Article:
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Syracuse Football: H-Backs Brisly Estime, Ashton Broyld Will Play vs. Clemson

Well, this is certainly some good news...

Raj Mehta-USA TODAY Sports

Still no depth chart from Syracuse yet (not like that's mattered much in the past anyway), but word came out between last night and this morning that H-backs Ashton Broyld and Brisly Estime will both be back in action this Saturday vs. Clemson. Broyld has not suited up for the Orange since the Maryland game, while Estime has been sidelined since the loss to Notre Dame. Both were suffering from lower body injuries.

Syracuse has certainly missed both pass-catchers in recent weeks, as the speedy veterans were some of the passing game's best options on screen plays, while they also provided a ton of great perimeter elusiveness overall. Estime and Broyld have combined for 21 catches and 265 receiving yards on the season. In the past, Broyld has also found himself involved in trick passing plays -- something that has been avoided in his absence.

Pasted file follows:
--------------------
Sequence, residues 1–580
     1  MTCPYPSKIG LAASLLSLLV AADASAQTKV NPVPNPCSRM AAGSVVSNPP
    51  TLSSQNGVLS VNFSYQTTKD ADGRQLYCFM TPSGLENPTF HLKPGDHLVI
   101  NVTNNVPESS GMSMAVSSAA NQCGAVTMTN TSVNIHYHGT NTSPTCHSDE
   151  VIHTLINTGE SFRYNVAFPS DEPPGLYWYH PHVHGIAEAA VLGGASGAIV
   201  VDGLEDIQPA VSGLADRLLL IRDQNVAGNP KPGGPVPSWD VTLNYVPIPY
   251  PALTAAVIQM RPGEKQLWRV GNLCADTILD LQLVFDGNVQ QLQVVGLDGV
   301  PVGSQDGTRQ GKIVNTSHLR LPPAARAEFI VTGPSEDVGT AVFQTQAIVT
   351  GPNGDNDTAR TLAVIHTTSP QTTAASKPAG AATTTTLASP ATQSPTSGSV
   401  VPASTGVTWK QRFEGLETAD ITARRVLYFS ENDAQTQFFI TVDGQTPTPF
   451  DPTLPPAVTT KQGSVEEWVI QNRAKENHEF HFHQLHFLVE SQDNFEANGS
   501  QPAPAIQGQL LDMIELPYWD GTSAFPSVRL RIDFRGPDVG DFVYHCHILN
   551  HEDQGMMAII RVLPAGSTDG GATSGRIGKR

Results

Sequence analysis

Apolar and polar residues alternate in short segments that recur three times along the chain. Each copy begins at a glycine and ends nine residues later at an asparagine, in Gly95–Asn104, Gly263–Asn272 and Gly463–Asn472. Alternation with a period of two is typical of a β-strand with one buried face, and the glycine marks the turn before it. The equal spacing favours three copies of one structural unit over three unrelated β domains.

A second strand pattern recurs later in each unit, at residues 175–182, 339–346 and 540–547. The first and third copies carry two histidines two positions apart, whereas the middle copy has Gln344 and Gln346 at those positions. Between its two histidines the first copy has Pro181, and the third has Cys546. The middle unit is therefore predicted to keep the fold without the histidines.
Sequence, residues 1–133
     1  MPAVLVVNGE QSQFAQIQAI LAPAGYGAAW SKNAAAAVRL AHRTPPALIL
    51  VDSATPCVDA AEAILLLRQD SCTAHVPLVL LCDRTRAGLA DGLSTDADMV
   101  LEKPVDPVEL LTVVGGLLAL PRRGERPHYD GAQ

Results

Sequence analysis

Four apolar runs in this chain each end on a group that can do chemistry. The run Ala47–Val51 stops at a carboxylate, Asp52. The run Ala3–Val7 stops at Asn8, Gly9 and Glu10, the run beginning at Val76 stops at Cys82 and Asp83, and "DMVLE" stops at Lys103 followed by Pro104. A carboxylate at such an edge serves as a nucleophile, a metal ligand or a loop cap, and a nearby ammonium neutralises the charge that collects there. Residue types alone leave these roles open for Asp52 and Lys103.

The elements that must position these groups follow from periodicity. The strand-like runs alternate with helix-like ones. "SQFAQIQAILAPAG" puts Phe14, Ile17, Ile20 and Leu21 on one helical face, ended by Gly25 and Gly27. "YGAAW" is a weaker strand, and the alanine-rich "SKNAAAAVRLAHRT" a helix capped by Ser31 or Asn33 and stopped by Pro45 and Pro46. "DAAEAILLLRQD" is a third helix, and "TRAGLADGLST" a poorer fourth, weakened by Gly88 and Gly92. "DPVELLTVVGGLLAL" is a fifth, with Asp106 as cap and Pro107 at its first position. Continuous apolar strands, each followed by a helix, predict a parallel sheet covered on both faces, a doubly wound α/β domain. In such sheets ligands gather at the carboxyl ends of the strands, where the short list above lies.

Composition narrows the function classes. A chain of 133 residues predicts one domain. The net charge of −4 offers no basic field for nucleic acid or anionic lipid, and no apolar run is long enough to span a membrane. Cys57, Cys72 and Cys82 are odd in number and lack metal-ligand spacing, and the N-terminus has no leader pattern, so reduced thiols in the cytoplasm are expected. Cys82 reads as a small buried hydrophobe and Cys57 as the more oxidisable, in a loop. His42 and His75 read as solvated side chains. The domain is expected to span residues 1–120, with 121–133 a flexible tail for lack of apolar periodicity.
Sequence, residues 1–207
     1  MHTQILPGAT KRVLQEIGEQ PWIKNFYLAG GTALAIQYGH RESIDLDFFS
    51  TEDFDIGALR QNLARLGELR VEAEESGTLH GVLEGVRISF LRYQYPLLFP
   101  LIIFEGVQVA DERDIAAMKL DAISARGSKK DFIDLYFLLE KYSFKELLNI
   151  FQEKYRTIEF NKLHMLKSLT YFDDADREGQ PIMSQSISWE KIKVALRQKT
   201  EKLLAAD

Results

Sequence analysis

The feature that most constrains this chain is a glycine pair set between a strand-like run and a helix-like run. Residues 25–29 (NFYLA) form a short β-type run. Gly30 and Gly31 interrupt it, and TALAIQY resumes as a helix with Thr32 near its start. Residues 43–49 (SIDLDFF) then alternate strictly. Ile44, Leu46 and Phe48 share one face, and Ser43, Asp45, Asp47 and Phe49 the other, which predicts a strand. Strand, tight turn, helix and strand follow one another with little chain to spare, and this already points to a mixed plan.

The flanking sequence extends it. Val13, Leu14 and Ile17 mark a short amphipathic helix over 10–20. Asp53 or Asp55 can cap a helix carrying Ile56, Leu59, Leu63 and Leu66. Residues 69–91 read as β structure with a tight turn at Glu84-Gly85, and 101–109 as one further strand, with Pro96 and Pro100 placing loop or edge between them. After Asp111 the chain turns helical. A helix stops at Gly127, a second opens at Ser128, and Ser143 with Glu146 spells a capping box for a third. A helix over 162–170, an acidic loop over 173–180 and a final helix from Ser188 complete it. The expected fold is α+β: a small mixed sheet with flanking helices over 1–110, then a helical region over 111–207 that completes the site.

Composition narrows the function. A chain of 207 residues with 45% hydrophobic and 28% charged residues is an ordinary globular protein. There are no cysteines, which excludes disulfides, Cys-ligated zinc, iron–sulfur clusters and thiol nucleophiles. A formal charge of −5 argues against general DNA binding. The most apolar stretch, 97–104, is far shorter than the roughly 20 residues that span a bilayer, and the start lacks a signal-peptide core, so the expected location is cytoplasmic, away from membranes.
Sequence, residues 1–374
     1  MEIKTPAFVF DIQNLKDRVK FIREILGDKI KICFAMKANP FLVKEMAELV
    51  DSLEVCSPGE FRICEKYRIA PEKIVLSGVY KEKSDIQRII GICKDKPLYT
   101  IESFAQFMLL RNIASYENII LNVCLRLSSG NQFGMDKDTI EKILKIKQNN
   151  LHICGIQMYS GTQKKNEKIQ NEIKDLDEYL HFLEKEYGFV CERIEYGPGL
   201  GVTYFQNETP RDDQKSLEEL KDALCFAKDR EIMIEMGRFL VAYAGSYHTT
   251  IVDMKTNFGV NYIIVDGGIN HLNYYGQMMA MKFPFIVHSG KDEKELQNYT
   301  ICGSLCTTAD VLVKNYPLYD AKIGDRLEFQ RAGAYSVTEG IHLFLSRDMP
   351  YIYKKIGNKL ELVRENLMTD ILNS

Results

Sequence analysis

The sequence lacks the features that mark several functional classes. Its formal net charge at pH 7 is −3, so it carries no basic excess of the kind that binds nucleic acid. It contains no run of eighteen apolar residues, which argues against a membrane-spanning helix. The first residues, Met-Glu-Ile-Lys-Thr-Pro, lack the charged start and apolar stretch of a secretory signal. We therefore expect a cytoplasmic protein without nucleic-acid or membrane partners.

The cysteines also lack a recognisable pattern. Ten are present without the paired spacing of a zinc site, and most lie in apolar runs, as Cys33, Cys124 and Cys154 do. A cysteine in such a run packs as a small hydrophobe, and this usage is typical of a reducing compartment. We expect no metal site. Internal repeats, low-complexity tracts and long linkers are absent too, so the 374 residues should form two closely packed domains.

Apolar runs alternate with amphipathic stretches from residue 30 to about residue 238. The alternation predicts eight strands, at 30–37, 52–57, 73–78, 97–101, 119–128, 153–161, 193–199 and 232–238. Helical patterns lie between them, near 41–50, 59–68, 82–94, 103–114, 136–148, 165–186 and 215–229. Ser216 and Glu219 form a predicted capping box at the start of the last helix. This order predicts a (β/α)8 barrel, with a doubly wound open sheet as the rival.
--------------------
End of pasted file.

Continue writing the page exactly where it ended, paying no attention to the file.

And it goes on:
Obviously things have seemed to improve in their absence for this offense -- mostly because of Tim Lester's appointment to offensive coordinator, and partially because A.J. Long is a better passer than Terrel Hunt. But you have to love what they'll immediately bring to the table now for Long, who has thrived throwing to Steve Ishmael and Jarrod West as his primary targets these past two games. While other players have certainly gotten involved receiving-wise, having two starting-caliber players added to the mix will allow Long more options and make it very difficult for opposing defenses to keep tabs on every playmaker SU has lined up. Ishmael already manages to find himself wide open a bunch (nine grabs for 165 yards and two TDs these past two weeks), so other distractions for defenses are only going to aid him more.

Again: NOT predicting an upset because of this information or any other notes coming out before this game. But having guys like Broyld and Estime back on the field only helps Syracuse's chances in what could be a fairly low-scoring contest -- or at least that's what Clemson would prefer.